ed. G. Strecker; Tübingen: J.C.B. Mohr, 1975), pp. 299-315). Nor is there
      any interaction with the developments of the Scandinavian school in the
      well-known work of Rainer Riesner (Jesus als Lehrer) and the recent, and
      very relevant study by Samuel Byrskog (who among other things, offers a
      great deal of material on the interaction between oral and written
      traditions within both rabbinic and prophetic movements) in his Jesus the
      Only Teacher: Didactic Authority and Transmission in Ancient Israel,
      Ancient Judaism and the Matthean Community (CB NT 24; Stockholm: Almqvist &
      Wiksell Int., 1994). Some reflection on earlier approaches to Mark and Q as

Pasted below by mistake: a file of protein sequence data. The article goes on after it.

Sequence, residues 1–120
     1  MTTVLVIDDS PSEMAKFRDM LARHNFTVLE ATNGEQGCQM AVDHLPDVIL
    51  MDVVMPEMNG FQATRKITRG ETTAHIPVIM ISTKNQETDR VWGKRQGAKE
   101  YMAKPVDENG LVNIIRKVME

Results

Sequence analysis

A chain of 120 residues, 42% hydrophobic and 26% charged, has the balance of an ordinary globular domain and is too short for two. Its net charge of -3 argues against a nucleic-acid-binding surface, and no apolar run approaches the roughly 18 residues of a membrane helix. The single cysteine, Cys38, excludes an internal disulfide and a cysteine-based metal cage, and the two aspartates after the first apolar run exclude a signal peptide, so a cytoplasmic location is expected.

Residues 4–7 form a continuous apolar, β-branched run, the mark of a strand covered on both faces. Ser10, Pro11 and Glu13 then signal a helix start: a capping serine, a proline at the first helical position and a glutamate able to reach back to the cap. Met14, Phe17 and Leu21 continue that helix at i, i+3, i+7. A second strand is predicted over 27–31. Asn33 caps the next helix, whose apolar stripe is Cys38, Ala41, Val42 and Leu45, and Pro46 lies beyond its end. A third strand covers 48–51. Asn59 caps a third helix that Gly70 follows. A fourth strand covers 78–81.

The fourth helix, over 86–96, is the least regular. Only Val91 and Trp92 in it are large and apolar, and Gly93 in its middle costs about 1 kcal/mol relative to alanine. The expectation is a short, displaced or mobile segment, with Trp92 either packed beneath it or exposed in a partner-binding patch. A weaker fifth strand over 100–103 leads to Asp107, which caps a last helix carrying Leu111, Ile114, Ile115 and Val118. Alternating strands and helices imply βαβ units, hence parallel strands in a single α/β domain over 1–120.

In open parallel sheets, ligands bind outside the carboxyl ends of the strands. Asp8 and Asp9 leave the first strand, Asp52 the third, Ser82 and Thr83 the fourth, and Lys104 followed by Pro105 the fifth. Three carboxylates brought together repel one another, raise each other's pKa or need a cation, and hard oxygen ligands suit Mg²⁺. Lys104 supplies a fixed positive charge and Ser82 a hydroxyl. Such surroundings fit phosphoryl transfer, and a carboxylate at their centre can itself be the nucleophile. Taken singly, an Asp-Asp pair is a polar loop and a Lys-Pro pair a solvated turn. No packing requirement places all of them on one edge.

arising out of written notes would also have been welcome (e.g. .M. Sato, Q
      und Prophetie).

      Perhaps the most striking thing about the book is the brevity with which
      the theory is applied to the gospels themselves. A couple of pages of
      generalised possibilities at the close are not enough to demonstrate the
      plausibility of the theory. Millard has done enough to counter those who
      would rule written sources out of court; it is possible that some of Jesus'
      followers may have written down some of his sayings. He has not done enough
      to show whether his theory would account for the whole range of gospel
      phenomena better than the oral theory. There is more work to be done and
      perhaps a reader will take up the challenge.


      Dr. Peter M. Head
      Tyndale House
      36 Selwyn Gardens